The EU’s far-right coalition: a step in the wrong direction for Europe?


“Mr President, you were looking for me in the front row I suppose,” Marine Le Pen, retorted with barely concealed sarcasm, to European Parliament president Martin Schulz.

Le Pen was speaking in the plenary as leader of the newly-formed Parliament grouping, the Europe of Nations and Freedom (ENF), created in June. Leaders of political groupings usually sit in the front row. Apparently without a formal invitation, she remained confined with her National Front and ENF cohorts in the upper rows.

Still, the ENF has qualified for millions in European Union funds, with 39 MEPS drawn from various right-wing parties across the EU: France’s National Front (FN), Italy’s Northern League (LN), Austria’s Freedom Party (FPÖ), the Dutch Party for Freedom (PVV), Poland’s Congress of the New Right (KNP) and Belgium’s Flemish Vlaams Belang (VB).

Proudly Eurosceptic, they reject criticism that they are anti-immigrant and xenophobic.

Vice Chair Janice Atkinson, the independent British MEP who was formerly a member of the United Kingdom Independence Party (UKIP), said at the ENF’s inaugural press conference: “We will come under attack from the trolls on the internet – the state-funded left campaigns against us”. What she failed to mention, however, is the state-funding the ENF will receive.

It was Atkinson’s arrival that facilitated the ENF’s creation after it passed the required seven-nation threshold to form a parliamentary grouping. This is after her expulsion from the UKIP/Europe of Freedom and Direct Democracy (EFDD) group over allegations of fraudulent expenses.

Le Pen has sought to moderate extremist rhetoric from the National Front to widen its appeal. Her father Jean-Marie Le Pen, the FN’s founder and notorious Holocaust denier, was recently excluded from the party. The ENF also claim that the inclusion of the KNP only occurred after it expelled its leader Janusz Korwin-Mikke, who was once fined for using racist language in the plenary.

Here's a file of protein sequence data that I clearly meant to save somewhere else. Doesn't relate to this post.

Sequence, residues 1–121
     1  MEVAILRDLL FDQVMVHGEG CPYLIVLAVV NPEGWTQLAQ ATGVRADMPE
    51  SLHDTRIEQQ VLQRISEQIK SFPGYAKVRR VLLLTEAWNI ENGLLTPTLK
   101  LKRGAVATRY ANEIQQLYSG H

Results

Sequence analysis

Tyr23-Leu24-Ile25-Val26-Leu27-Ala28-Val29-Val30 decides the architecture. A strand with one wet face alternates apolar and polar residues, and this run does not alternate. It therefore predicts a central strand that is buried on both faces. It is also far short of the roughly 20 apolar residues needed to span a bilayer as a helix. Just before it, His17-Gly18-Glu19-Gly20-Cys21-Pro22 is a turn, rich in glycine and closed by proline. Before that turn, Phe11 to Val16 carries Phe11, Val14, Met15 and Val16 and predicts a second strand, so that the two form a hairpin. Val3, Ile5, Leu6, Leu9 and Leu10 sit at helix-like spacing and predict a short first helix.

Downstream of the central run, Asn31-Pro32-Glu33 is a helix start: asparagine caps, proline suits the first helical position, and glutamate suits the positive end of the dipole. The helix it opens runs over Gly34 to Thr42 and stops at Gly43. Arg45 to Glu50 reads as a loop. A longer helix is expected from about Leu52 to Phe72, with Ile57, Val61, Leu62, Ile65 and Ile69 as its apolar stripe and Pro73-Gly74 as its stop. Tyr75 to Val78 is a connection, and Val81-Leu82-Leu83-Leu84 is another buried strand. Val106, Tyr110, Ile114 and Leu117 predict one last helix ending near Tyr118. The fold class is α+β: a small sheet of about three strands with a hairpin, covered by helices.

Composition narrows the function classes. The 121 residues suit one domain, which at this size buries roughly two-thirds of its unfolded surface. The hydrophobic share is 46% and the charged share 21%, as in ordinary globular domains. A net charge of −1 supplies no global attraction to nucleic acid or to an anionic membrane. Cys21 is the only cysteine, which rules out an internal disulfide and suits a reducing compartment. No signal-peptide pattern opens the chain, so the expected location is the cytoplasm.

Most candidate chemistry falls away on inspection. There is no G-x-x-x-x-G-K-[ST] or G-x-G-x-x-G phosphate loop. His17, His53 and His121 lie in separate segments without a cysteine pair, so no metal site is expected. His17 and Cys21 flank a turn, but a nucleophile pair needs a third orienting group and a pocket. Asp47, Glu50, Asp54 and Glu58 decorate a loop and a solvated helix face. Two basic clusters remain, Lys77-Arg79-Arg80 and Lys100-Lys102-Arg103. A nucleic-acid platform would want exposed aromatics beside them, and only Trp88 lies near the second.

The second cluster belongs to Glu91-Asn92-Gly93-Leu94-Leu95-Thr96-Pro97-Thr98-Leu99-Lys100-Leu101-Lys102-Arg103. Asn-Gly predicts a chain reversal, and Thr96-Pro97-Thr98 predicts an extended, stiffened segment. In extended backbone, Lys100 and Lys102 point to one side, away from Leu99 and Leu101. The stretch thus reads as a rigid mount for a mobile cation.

Indeed the ENF’s website aims to distance itself from the far-right oratory of previous party groups, highlighting its “respect for democracy” and its rejection of “any past or present affiliation, connection or sympathy to any authoritarian or totalitarian project.”

It does however detail its aims to oppose the transfer of more sovereignty to the EU as well as calls for tighter immigration controls.

At the press conference Atkinson made a point of clearly setting out the aims of the ENF that would rile the pro-EU camp. “Millions support us and we want to bring down this place [the EU]. We want our countries back.”

Reaction from other political groups is unsurprisingly scathing. “They offer nothing for the future to citizens. The ENF whips up anxiety and fear and we can’t build a future on that,”Pervenche Berès, a French MEP with the centre-left Socialists & Democrats (S&D), tells Equal Times.

Philippe Juvin, French MEP with the centre-right European People’s party, (EPP) says he is ”neither angry nor worried” adding their existence “means they have to abide by the rules of the Parliament”.

Taking part in the legislative process is the least the ENF can do,” Juvin tells Equal Times. “Until now, Europhobic parties have wasted the European Parliament’s time and resources in theatrical speeches and dramatisation.”


Incentives aplenty

No doubt incentives existed to encourage the ENF’s formation. Significant advantages await them, says Charles de Marcilly, head of the Brussels office of the Robert Schuman Foundation, a think tank.

“These MEPs have to be more united as it brings in money – €17.5 million (US$20 million) for the next four years. It means more staff and administrative support. In addition it means more time to speak in plenary debates as well as more influence within plenaries themselves,” says de Marcilly.

This is of particular concern to ENF detractors who fear they will hijack and stonewall the legislative process. “They are using the means of the EU Parliament to campaign. This is counter-productive,” Berès claims.

That angers Le Pen. Speaking at a press conference, she described any arguments over the ENF’s right to EU funding as scandalous, adding: “This is not used against other groups who receive voters’ money.”